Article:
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Inherent Powers Of Court Under Code Of Civil Procedure 1908

The inherent power of the court is that which is inherent in a court by the very fact of its being empowered to exercise any jurisdiction at all so that it comes within the express sense of the law of within the consequences that may be gathered from it.

Scope: the Code of Civil Procedure is not exhaustive. Since laws are general rules, they cannot regulate for all time to come so as to make express provision against all inconveniences, which are infinite in number, and to foresee all cases that may possibly happen with a view to provisions for all contingencies and for all the times.

The purpose of the law is to secure the ends of justice. The laws are not ends in themselves but are only a means for securing justice. If the ordinary rules of procedure results in injustice in any case and there is no remedy, it is the duty of the court to over-ride those rules for achieving the ends of justice.

Hence the framers of the code of Civil Procedure provided section 151, giving:
Inherent powers can be used only if the ordinary rules of procedure result in injustice in any case and there is no other remedy, they can be broken for the ends of justice.

The inherent powers can be exercised where abuse of process of Court resulted from the mistake of the Court or by the officers of the court.

Object: the object of inherent power of the court is to do justice and to undo wrong in case of abuse of process of court fraud or misrepresentation by a party upon the court or where there is absence of rule of procedure in the circumstances of a particular cases.

Section- 151: savings of inherent powers of Court- nothing in this code shall be deemed to limit or otherwise affect the inherent powers of the court to make such orders as may be necessary for the ends of justice or to prevent abuse of the process of the court.

When Can A Court Exercise Inherent Powers?

In the following circumstances, and cases a Court can exercise its inherent powers:
  1. Section 151 does not confer a new power to the court, but makes a statutory recognition of inherent power of the court to do certain things ex debito justice. The inherent power can be involved only for the attainment of the ends of a substantial justice.
  2. Section 151 provides only an extra-ordinary procedure, and action under this section, it is not in any sense obligatory.
  3. Section 151 could only be involved where no other remedy is available. It does not confer any substantive right on parties but is only meant to get over the difficulties arising from rules of practice.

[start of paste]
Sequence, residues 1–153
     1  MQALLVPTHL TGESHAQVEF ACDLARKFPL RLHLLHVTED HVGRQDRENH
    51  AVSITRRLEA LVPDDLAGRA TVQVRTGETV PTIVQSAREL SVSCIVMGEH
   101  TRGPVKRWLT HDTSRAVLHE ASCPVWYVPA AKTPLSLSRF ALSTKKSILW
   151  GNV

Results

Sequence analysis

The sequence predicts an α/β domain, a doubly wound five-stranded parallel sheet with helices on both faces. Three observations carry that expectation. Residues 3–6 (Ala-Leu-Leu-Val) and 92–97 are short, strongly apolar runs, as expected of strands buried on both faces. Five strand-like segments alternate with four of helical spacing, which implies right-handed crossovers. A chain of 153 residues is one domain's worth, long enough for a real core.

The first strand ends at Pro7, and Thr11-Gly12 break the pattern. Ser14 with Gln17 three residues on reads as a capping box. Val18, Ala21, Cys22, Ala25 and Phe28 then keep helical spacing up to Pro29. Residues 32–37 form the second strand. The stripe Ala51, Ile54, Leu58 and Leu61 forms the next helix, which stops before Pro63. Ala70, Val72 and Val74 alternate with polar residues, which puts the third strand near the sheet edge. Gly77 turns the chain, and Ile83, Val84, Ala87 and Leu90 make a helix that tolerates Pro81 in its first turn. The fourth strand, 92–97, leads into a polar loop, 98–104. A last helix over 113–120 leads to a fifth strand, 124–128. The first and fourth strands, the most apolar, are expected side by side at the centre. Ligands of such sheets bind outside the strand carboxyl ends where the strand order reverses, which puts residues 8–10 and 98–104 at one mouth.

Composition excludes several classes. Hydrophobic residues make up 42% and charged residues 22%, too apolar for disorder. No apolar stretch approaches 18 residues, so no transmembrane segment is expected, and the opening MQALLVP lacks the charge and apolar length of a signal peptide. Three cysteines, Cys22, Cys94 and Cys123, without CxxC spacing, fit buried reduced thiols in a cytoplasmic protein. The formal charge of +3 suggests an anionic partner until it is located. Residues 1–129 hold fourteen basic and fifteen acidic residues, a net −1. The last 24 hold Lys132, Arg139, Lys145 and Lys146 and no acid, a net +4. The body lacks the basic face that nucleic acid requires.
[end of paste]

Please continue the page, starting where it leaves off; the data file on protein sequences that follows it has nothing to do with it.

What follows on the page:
4. To consolidate suits and appeals including appeal to his Majesty in council, now the Supreme court, even without the consent of the parties.
  5. To order joint trial of suits.
  6. To ascertain whether the proper parties are before it.
  7. To entertain the application of a third person to be made a party.
  8. To allow a defence in forma pauperis.
  9. To say the drawing up of the courtís own orders or to suspend their operation, it the necessities of justice so require.
  10. To apply the principles of res judicata to cases not falling under Section 11 C.P.C.
  11. To add a party.
  12. To punish summarily by imprisonment contempt of courts.
  13. To transpose parties.
  14. To refuse permission to a co-plaintiff to withdraw from a suit in a case when he does not ask permission to institute a fresh suit on the same cause of action or impose terms upon him.
  15. To stay proceedings to its own order in view of an intended appeal.
  16. To decide question of jurisdiction though a result of its inquiry it may turn out that the court has no jurisdiction over the suit.
  17. To restore a suit dismissed for default in cases not provided for by a rule 9 of order 9.
  18. To order a refund of court-fee paid by inadvertence.
  19. To stay a suit where it does not come within section 10 (Res subjudice).
  20. To grant temporary injunction where it does not fall under Order 39.
  21. To reconstruct its record where they are lost by accident; etc, etc.

When Cannot A Court Exercise Inherent Power?

  1. The object of Sec. 151 is to provide justice and to undo wrong in case of abuse of process of Court of fraud or misrepresentation by a party upon the court, or where there is absence of rule of procedure in the circumstances of a particular case. By involving the inherent powers, a court should not cause damage to this object
  2. The inherent powers cannot be involved where there is specific provision in the code.
  3. The code cannot exercise inherent power to grant interim relief which properly ought to be granted only by the decree after determination of the points in controversy.
  4. To compel parties to submit to medical examination or blood test.
  5. To appoint a commissioner to seize account-books in the possession of the plaintiff.
  6. To consider or review an order.
  7. To set aside an ex parte decree.
  8. To strike a defence.
  9. To restore suit dismissed for default for non-payment of court-fee under Rule 11(d) of Order 7.
  10. To refund court-fee on a review application when the review is granted on a ground other than mistake of law fact; etc. etc.

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